Posted by: istop4books | January 24, 2009

Getting Stoned with Savages by J. Maarten Troost

A Trip Through the Islands of Fiji and Vanuatu Getting Stoned with Savages: A Trip Through the Islands of Fiji and Vanuatu by J. Maarten Troost

My review

rating: 4 of 5 stars
“Paradise was always over there, a day’s sail away. But it’s a funny thing, escapism. You can go far and wide and you can keep moving on and on through places and years, but you never escape your own life. I,finally, knew where my life belonged. Home.”

That quote from the end of the book, kind of sums up the entire book: why the author went to live on the island, why he stayed and why he left. This is a really funny book, the author says everything he needs to say with a drop of humor or sarcasm – but beneath that veneer of lightness, there lie quite a few truths about living and surviving in the world of the expat. This is his second travel memoir, however, it does not read as crisply as Sex Lives of Cannibals. There is a missing element, perhaps in the end his disenchantment with French and British colonialism, come through in his writing. The book is good, but not brilliant as Sex Lives was.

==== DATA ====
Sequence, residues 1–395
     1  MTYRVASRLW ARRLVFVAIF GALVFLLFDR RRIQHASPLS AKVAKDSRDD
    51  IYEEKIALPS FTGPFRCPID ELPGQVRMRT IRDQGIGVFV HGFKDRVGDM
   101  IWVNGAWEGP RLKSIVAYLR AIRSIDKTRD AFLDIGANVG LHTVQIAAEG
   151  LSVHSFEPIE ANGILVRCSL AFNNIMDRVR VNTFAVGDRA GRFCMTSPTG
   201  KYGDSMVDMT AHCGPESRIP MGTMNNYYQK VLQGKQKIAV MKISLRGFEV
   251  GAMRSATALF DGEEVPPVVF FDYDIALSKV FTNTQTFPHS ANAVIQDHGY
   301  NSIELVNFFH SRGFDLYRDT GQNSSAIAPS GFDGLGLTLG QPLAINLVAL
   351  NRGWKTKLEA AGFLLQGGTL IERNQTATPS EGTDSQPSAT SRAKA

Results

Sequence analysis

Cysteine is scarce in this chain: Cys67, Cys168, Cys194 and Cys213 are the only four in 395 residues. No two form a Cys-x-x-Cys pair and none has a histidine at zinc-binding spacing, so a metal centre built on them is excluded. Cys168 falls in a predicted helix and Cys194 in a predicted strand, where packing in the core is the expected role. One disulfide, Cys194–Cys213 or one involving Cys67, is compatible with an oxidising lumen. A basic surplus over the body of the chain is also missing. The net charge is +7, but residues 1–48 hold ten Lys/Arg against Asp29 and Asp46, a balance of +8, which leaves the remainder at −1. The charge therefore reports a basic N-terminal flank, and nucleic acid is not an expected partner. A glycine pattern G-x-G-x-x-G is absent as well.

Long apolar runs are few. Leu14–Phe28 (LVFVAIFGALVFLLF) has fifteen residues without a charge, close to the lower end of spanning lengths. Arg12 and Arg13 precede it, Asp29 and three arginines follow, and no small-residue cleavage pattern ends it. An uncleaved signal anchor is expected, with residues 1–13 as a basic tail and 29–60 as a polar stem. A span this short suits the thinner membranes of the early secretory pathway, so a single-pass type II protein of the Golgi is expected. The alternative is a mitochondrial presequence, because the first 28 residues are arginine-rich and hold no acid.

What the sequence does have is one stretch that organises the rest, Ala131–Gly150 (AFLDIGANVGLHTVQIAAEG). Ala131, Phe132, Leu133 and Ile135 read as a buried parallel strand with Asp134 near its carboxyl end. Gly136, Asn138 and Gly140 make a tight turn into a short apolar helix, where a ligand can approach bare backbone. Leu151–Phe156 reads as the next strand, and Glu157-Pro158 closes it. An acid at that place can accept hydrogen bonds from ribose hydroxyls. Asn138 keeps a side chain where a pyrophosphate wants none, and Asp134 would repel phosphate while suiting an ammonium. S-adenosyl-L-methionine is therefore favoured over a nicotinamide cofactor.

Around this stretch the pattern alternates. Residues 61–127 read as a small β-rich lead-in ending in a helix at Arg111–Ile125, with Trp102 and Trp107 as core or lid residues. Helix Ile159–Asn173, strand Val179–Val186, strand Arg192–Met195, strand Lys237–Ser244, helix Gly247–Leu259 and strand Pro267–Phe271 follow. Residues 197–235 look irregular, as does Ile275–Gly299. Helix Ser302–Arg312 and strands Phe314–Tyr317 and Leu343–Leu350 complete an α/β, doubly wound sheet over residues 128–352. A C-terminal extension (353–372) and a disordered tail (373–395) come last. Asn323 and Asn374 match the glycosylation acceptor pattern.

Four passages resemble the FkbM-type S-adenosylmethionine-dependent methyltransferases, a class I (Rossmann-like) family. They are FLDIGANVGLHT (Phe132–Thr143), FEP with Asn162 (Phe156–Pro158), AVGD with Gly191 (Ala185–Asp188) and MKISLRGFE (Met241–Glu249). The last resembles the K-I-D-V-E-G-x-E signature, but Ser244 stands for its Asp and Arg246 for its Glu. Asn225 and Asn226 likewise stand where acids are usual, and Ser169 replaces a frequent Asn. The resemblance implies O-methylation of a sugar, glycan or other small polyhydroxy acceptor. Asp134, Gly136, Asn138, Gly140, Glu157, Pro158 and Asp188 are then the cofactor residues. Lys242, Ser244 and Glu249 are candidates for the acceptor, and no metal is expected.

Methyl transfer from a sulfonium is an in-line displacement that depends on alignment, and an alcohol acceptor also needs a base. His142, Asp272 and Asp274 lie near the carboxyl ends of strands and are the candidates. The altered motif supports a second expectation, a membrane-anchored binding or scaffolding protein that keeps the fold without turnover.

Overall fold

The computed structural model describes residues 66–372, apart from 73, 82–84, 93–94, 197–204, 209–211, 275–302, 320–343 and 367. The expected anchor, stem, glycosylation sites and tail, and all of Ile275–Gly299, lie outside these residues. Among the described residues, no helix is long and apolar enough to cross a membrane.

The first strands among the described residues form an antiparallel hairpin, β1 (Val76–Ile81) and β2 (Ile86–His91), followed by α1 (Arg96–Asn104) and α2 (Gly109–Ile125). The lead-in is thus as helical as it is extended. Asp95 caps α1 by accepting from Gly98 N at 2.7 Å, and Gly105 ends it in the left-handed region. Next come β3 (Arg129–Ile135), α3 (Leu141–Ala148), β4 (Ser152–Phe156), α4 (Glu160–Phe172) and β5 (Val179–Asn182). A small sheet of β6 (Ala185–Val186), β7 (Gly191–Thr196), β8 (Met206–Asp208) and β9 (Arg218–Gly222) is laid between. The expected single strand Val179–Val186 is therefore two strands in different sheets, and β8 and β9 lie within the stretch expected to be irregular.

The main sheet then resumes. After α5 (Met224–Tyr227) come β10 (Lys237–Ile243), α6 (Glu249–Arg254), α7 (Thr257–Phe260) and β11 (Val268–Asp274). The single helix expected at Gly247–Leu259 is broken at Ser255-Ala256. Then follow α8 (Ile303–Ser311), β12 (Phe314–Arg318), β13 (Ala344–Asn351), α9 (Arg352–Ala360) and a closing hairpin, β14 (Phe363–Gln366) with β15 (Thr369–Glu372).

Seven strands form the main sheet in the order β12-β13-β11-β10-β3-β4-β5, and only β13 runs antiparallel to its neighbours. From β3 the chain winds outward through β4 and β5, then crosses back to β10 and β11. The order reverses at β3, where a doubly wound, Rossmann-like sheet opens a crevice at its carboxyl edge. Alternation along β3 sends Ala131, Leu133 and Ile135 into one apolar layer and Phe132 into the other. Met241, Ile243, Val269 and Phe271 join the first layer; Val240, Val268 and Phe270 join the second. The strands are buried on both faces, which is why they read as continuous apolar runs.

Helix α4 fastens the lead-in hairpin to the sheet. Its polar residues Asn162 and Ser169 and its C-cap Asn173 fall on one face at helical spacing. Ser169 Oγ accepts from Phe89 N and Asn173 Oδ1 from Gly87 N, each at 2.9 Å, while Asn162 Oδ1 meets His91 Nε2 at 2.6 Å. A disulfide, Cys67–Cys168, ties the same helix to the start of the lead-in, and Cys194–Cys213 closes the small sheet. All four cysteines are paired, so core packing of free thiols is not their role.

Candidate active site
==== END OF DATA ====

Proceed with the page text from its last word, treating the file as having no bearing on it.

Maarten Troost has decided that he wants to return to the paradise of a South Pacific island. He had lived on the atoll of Kiribati for a few years, and was pining to return to that life once again. When the opportunity presented itself to his wife, Sylvia, to return to the warmth of island paradise, they snatched it, packed and left the States for the island of Vanuatu and Fiji.

As Sylvia works for the government, Maarten has time to check out the cultural bits of the islands and explore. He learns to appreciate the local drink, Kava, and spends many hours persuing the best Kava on the islands. He describes at length the bloody history of the natives, their seemingly unending thirst for human vittles,(aka cannibalism which only officially ended in 1968!) and their tribal fighting and customs. But he also goes in to the life of the foreigner bumming around the islands, the expat living in a bubble in a foreign land, with as little contact with the natives as possible and the question of raising a child with one foot firmly planted in one world and the other foot firmly planted in another. Quite a dilemma.

View all my reviews.


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